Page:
What Will MLB Do With Players Who Opt Not to Play During Time of Pandemic?
The players responded Tuesday afternoon to the owners’ response to the players response to the owners’ original plan to try to get Major League Baseball reopened.
Or something like that. This is the beginning of what we think will be a week or more of back-and-forth negotiations that may well determine when and how baseball return for the 2020 season. The players didn’t seem to think much of the owners’ latest proposal.
While the National Hockey League is moving forward with a plan to come back to life with playoffs and the National Basketball Association is considering a World Cup-style return to action, baseball’s task is different. MLB isn’t trying to revive a season; it’s trying to start one in the middle of the COVID-19 pandemic.
For the moment, it’s all about health and safety on one side and money on the other. Those things will drive the talks, but there are other issues.
For the moment there are no vaccines or medical therapies that will keep anyone protected from the COVID-19 coronavirus. Moreover, there aren’t enough testing kits and the known false positives and false negatives of the tests that do exist are sobering.
Is the risk of walking out of the house and playing baseball worth it?
It’s not clear just what happens if the players union as a whole signs off on a plan to return but certain members of the union don’t believe the health and safety issues aren’t good enough and they opt not to play in 2020.
How does baseball react? Are the players fined? Released? Suspended? Accepted?
It’s not going to be an easy decision for the individual players. Baseball is played by young men. The average age of MLB players last year was 28. Many of them have families and young children. This sport was supposed to be the route to giving those families security, but now, playing a team sport is a health risk not just for the players but for their families as well.
The Angels’ Mike Trout isn’t your average baseball player. He might be the best player in the game. But he is average in one way – he and his family are just as susceptible to the coronavirus as anyone else. So he was speaking for many of his compatriots when he told ESPN “With the season and stuff, we’ll just play it by ear.”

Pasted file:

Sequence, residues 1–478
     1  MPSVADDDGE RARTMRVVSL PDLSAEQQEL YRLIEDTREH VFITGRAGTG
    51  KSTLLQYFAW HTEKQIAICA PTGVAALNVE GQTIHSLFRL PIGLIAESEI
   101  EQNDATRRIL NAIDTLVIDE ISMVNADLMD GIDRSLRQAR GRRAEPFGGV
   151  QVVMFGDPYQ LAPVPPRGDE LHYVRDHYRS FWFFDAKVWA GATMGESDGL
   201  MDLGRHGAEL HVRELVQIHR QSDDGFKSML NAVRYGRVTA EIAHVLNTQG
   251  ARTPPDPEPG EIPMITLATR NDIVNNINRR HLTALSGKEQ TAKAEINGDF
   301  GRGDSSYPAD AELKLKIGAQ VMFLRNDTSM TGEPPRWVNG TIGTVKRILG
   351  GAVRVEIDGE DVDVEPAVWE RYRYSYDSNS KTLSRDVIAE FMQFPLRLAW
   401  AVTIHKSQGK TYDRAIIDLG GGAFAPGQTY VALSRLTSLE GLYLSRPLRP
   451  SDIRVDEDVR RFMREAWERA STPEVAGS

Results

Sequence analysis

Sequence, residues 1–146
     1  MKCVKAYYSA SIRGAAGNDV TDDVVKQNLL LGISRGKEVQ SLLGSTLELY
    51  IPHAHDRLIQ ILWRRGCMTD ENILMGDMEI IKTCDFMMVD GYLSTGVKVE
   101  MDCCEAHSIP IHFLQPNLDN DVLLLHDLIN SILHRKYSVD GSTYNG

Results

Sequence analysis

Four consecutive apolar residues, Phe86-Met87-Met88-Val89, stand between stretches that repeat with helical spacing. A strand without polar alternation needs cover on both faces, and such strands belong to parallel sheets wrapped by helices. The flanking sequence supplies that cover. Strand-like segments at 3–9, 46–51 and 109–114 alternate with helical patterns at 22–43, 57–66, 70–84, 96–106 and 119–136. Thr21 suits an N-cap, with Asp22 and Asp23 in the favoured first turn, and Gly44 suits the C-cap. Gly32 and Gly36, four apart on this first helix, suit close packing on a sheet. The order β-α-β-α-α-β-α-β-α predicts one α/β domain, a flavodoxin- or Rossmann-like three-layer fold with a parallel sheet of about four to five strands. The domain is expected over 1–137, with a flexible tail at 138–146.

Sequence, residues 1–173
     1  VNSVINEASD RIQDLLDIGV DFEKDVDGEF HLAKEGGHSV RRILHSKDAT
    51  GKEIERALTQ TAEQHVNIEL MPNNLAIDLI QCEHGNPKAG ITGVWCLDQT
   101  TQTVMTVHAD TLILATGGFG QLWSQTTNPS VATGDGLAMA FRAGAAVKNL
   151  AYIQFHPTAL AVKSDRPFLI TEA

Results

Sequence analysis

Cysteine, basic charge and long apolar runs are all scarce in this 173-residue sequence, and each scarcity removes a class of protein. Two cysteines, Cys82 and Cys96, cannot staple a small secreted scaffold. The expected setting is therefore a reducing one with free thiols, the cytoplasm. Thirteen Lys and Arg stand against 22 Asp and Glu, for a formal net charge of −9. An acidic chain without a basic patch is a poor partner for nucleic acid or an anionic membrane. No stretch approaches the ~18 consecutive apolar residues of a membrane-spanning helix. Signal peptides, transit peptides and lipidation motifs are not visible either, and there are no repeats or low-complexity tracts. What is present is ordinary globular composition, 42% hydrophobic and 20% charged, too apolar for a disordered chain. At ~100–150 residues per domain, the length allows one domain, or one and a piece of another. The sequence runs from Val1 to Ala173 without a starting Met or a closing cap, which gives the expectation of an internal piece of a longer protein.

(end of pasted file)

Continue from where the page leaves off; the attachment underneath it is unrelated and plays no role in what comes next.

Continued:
He and his wife, Jessica, are expecting the birth of their first child in August. He wants to play baseball, but his family is his prime concern.
“Obviously, you don’t know what it entails yet, but we’ll go down that road when that happens,” he said. “But it’s a scary, scary time for my wife.”
In talking with NBC Sports last week, Nationals’ first baseman Ryan Zimmerman and his wife, Heather, both expressed concerns. Zimmerman said he thought he would be willing to make the sacrifice and play.
Asked if she would be comfortable with her husband going back to work as things stand now, Heather Zimmerman said she it was a tough call. She is due to give birth in June, and she said would have to be prepared to not see her husband for the duration of the season.
“I would not be 100 percent comfortable with it, especially considering we’ll have a newborn in the house,” she said. “But, it’s one of those, I hate to say the word `sacrifice,’ but one of those sacrifices you have to make in order for the game to be played.
“We have these conversations every day. We’re so interested in seeing what ends up happening because obviously outside of the players, there’s a lot of other staff that has to be at a baseball field: the grounds crew, chefs or food caterers, obviously the clubhouse staff.
“We’re really interested to see when and if they can get this all going because there’s so many moving parts. But, yeah, I’ll be nervous. Chances are if it does start, and say they are just playing from Arizona or Florida and having to cut the travel side out of it, we’re just probably not going to see him for a few months, I guess.”
And the risks don’t end with health. There is the risk of missing out on cashing a paycheck that could be far larger than anything players will see outside of baseball.
For as much as players are fighting the owners over money, these are men getting paid more in a year than most of the population earns in a decade. Careers are short, often in the 2- to 5-year range, and it’s going to be hard for most players to pass on a salary they likely won’t see again after they are out of the sport.
That has to be balanced. About 30 percent of MLB players are African American or from Latin America, and communities of color have been particularly impacted by COVID-19.
Maybe baseball comes back with Trout in the Angels outfield and Zimmerman in the Nationals’ infield. But there are almost certainly going to be players, black, white and Hispanic, who are going sit 2020 out. How baseball treats them is how the sport will be judged.
Follow Athletics insider John Hickey on Twitter: @JHickey3
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